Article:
Get to Know House of Tayo’s Matthew Rugamba
When I sat down to talk to Matthew Rugamba, the upcoming star of the Africa Channel series House of Tayo: Journey of a Rwandan Designer, I expected to speak to an upcoming fashion designer about the typical topics: inspirations, background and how being from Rwanda inspires his designs. But what I found is probably what most people find when they talk to him – do not underestimate this 25-year-old.
First off, Matthew’s journey to becoming a Kigali-based designer is fascinating in its own right, and the plans this young man is drawing up kept me wanting to hear more. One thing is for sure: He is one to watch.
Matthew is way more than a fashion designer. He has designs on creating a lifestyle brand, reaching far beyond his current successful line of bow ties and accessories. For him, it’s just his start.
“Deadlines rule my life,” Rugamba told me via phone from Kigali, where he was managing his line, special events for clients, future travel plans to the U.S., investors, and future plans to Sweden. He recently returned from China.
It’s clear he needs deadlines to get it all done.
“Kigali is my hometown now, but I grew up in many different cities.”
That’s an understatement. Try to keep up: Rugamba was born in London, moved to Uganda around age six, and then, at about 12 or 13, went to boarding school in Kenya for three years. Then it was off to Swaziland for two years, and back to London for a gap year.
During college in the United States, House of Tayo was born in August 2011.
“It just happened. It wasn’t something I really sat down and planned. While I was in college my family was living in Rwanda and I came home for the summer. I did some pieces and the popularity picked up, so it just happened. I didn’t want to sit back and let someone take my idea or I’d regret that for my life.”
“I had a summer job and made a bunch of money and went on holiday with friends,” Rugamba said. “Then I came back to Kigali, and I said I want to do a lot more than just use the money to buy books. I wanted to invest in something and do something with the money left over. I went to the market and bought fabric, then I met a lady who could help me with the sewing maching. Then it happened.”
Yes, he is ambitious, and also humble. It’s as if he is amazed at how that simple desire is leading to the empire he wants to create.
Though he has lived around Africa, in Europe and in the U.S., be assured that it is Africa that is his chief inspiration. He is using fashion to try to inform people about Africa.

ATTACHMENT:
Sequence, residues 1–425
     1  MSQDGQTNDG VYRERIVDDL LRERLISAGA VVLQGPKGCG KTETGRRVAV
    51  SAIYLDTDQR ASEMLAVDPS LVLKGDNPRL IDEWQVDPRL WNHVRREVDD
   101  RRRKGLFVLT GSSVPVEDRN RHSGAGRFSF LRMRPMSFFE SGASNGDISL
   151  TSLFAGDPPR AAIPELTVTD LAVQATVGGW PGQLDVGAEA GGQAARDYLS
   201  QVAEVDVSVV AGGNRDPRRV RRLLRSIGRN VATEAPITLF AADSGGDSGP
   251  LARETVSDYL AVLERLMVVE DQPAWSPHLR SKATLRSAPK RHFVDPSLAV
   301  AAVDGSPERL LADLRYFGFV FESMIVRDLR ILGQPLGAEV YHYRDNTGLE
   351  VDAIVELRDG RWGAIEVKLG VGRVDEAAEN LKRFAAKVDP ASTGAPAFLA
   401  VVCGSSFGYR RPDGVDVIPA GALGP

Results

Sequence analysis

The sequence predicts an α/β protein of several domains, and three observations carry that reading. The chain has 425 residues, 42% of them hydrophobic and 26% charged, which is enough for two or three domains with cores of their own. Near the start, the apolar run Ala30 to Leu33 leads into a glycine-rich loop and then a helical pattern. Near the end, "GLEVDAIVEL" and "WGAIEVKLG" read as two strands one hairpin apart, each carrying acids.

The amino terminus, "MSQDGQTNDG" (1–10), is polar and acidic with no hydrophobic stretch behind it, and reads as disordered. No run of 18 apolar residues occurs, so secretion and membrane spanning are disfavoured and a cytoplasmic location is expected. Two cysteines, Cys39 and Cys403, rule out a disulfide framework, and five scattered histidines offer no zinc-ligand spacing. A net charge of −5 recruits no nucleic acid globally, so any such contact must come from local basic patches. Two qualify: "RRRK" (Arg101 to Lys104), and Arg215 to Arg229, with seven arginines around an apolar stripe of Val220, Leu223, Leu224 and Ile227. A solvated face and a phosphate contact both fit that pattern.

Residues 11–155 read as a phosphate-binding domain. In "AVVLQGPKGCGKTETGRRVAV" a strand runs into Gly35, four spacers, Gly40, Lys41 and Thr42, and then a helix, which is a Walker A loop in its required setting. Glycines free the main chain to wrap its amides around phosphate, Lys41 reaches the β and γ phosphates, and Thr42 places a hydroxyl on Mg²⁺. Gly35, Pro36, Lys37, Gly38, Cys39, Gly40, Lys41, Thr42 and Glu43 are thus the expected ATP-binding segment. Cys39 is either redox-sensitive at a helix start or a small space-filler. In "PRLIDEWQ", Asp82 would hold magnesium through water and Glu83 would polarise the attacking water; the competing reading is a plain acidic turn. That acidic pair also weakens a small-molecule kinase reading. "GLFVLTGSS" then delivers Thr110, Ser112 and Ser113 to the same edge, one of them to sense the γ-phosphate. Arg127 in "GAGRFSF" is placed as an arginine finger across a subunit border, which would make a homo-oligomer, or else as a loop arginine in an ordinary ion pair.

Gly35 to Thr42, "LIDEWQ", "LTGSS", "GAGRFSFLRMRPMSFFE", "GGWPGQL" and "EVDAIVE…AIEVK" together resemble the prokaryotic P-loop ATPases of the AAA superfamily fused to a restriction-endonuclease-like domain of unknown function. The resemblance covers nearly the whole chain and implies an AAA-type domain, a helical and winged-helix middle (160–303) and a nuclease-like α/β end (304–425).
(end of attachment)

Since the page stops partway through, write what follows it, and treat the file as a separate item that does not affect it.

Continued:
“When I moved to the states it was a culture shock, people didn’t really know about Africa, and Rwanda in particular. They just knew about the genocide; it frustrated me my first two years in college, really. I raised my hand and tried to talk about how things were different, and there’s a limit to how much you can do that. My opinion has been changed more by things that are emotional. So if I create something with an emotional connection, it can change people’s opinions. Even if I don’t know the facts and hear about fashion in Iraq, it changes my mind.”
But really, I had to know: How did the bow ties become his thing?
“In my studies I read about pan Africanism,” Rugamba said. “And I read about Patrice Lmumbda, and Patrice Lmumbda always wore bow ties. And I’ve always liked bow ties. I just felt they are a symbol of dignity. You think about important dinners, black tie affairs, professors. It’s a small piece of clothing, but there is a lot attached to it. Sunday’s best in church.”
Yes, Rugamba is a man who knows where he is from, and he is looking to where he wants to go.
“I’m looking to do things that are different. House of Tayo needs to be more than just fashion. I’ve been developing House of Tayo aesthetic and philosophy and I want to be able to publish books and curate art exhibits and exhibitions, I want to be able to do a lot more.”
And we all can’t wait to watch. Check out House of Tayo on The Africa Channel website starting July 31.